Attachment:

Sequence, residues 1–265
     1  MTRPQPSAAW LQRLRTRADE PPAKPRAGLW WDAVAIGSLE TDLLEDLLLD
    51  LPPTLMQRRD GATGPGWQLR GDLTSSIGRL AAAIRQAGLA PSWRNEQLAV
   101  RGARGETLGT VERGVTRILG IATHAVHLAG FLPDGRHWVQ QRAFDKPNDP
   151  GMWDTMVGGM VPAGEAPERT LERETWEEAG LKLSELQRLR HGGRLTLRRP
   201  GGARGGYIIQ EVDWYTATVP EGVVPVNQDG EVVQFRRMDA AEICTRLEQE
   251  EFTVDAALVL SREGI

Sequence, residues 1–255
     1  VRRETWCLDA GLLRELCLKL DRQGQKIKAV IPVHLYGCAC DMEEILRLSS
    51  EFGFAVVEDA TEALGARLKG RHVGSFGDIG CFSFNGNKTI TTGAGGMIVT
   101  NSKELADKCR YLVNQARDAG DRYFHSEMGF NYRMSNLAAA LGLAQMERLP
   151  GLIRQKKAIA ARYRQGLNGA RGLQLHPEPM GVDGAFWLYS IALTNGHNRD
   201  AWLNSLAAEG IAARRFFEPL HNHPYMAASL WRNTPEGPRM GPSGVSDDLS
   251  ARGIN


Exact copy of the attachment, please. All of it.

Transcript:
Sequence, residues 1–265
     1  MTRPQPSAAW LQRLRTRADE PPAKPRAGLW WDAVAIGSLE TDLLEDLLLD
    51  LPPTLMQRRD GATGPGWQLR GDLTSSIGRL AAAIRQAGLA PSWRNEQLAV
   101  RGARGETLGT VERGVTRILG IATHAVHLAG FLPDGRHWVQ QRAFDKPNDP
   151  GMWDTMVGGM VPAGEAPERT LERETWEEAG LKLSELQRLR HGGRLTLRRP
   201  GGARGGYIIQ EVDWYTATVP EGVVPVNQDG EVVQFRRMDA AEICTRLEQE
   251  EFTVDAALVL SREGI

Sequence, residues 1–255
     1  VRRETWCLDA GLLRELCLKL DRQGQKIKAV IPVHLYGCAC DMEEILRLSS
    51  EFGFAVVEDA TEALGARLKG RHVGSFGDIG CFSFNGNKTI TTGAGGMIVT
   101  NSKELADKCR YLVNQARDAG DRYFHSEMGF NYRMSNLAAA LGLAQMERLP
   151  GLIRQKKAIA ARYRQGLNGA RGLQLHPEPM GVDGAFWLYS IALTNGHNRD
   201  AWLNSLAAEG IAARRFFEPL HNHPYMAASL WRNTPEGPRM GPSGVSDDLS
   251  ARGIN